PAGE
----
Some 220 years ago, it adopted a Constitution that counted blacks as just three-fifths of a person. President Theodore Roosevelt was widely condemned 113 years later for having a black man dine with him in the White House. And now, the country has voted, giving a black family a 4-year lease for that great edifice at 1600 Pennsylvania Avenue.

How is it that only 43 years after Congress struggled to enact legislation giving federal protection to the voting rights of blacks that Barack Obama — a black man — could be elected president of this majority-white nation?

Pundits and historians will, no doubt, dissect Obama's winning campaign strategy and Republican John McCain's failed candidacy in search of answers to the key questions, but they will likely be looking in the wrong places.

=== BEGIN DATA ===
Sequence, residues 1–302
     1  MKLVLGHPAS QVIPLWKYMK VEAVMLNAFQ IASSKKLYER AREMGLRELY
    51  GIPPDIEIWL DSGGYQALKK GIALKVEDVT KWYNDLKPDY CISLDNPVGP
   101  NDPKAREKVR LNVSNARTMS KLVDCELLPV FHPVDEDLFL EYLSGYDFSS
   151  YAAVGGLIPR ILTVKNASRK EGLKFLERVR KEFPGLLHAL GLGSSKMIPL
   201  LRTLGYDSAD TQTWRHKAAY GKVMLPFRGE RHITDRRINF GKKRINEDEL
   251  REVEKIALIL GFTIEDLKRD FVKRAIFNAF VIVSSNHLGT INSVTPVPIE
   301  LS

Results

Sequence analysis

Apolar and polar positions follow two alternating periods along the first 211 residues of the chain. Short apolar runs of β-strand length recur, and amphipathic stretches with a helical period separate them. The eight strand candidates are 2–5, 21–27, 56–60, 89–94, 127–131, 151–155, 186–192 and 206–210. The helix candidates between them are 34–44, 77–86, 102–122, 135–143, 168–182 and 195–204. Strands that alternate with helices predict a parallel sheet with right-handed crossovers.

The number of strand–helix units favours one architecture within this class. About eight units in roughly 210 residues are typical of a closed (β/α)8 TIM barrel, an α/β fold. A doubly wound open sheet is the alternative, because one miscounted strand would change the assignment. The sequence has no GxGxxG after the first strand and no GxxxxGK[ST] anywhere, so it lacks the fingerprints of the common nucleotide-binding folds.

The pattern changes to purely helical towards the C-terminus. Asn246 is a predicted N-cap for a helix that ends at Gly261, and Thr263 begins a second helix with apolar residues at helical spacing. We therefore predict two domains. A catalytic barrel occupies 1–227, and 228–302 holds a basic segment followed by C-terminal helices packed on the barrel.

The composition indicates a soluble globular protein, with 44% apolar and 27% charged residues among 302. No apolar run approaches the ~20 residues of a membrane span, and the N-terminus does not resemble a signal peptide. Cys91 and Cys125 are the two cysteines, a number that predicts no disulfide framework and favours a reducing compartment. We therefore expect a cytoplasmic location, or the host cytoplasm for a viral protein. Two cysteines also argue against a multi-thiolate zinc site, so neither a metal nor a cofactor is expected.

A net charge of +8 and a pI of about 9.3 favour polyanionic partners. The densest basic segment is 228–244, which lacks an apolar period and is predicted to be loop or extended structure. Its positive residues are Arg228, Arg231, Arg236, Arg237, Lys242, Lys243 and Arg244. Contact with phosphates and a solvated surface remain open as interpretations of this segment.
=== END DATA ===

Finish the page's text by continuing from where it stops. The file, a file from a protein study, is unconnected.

The answers lie within the discovery that voters made about the campaign of Sen. Obama.

To be sure, Obama ran a brilliant campaign. He was masterful in his use of new media — text messages, blogs and YouTube's free video-sharing — to raise a massive amount of money and bring millions of new voters into the political process. And his message of change — coming as it did from a 47-year-old first-term senator who is the son a black man and a white woman — trumped the change message of McCain, who looked and sounded very much like the linear successor to President Bush.

More than anything else, the thing that lifted Obama into the Oval Office was his ability to convince sizeable chunks of voters that he could give them something they desperately wanted — something they yearned for above all.

Whites who voted for Obama want their country back. They still recall Florida in 2000, when a botched vote count put the outcome of the presidential election in the hands of a conservative U.S. Supreme Court, which promptly gave Bush the keys to the White House.